THE post-16 education and training review gives the Government an opportunity to make some sense of the pig's ear that has for so long been the post-compulsory scene. What do we in the colleges want in the elegant silk purse that the Department for Education and Employment is going to stitch together?
First of all, we want a tertiary vision - and tertiary means everything beyond the age of 16. The distinction between 16-18 and post-19 students should be abandoned. It has only lasted so long because there are school sixth-forms, and that means that the cart is leading the horse. The vision must include school sixth-formers for the sake of coherence and clarity but they must not dictate what it is.
Such a universal and inclusive vision is unlikely to be realisable in one stage, but if we are ever to be free of crisis management at the highest level it must be a vision which is realised step by step. Just as the plan to widen participation is being phased, so should the master plan for post-16 education and training. There must be a careful framework which applies to all regions, with the flexibility needed to take care of regional variations and differing needs.
Until there is one national body there is too much opportunity for competition and empire-building, which wastes time and energy as well as money.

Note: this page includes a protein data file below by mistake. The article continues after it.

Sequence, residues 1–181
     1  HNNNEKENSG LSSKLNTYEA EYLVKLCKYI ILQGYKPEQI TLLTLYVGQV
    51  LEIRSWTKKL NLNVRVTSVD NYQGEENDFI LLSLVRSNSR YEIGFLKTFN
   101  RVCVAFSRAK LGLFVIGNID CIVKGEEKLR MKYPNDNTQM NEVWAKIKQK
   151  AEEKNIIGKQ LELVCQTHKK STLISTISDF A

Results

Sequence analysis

Support for the Further Education Funding Council to be that over-riding body may not be universal, but it is greater than the support for training and enterprise councils.
Rationalising the TECs and the FEFC would mean savings directly refocused into the delivery of education and training to those over the compulsory school age. Every city centre should open a one-stop shop for education and training where passers-by can drop in and seek information from those who have no particular provider's axe to grind and who can talk to people in real words and not in educational or training jargons.
There must also be a single post-16 quality assurance system, and this should be applied to all providers. Not only will it mean that like iscompared with like, and that over-audited providers are relieved, but also that the system is more comprehensible to the layman. In this context, the idea that there should be different qualifications systems for the full-time 16-18s and the mostly part-time adults would be incomprehensible. It makes no sense for the school-leaver to confuse what is available full-time with what is part-time.
It is desirable that performance tables record what colleges actually do, so that people can see them for what they are, and not as failed schools. Even more importantly, the qualification system should make it easier for students to move from one status to another as their circumstances change, taking with them what they have achieved, and adding the units which will make up a coherent package.
What it's all about is making things clear for students, and encouraging them to embark on a lifetime programme of learning, whether it is for an immediate end or to make them better equipped for the future. If the proposed changes aren't to achieve that end, the Government will have developed crossed eyes rather than having a vision.
Anne Smith is principal of John Ruskin College, Croydon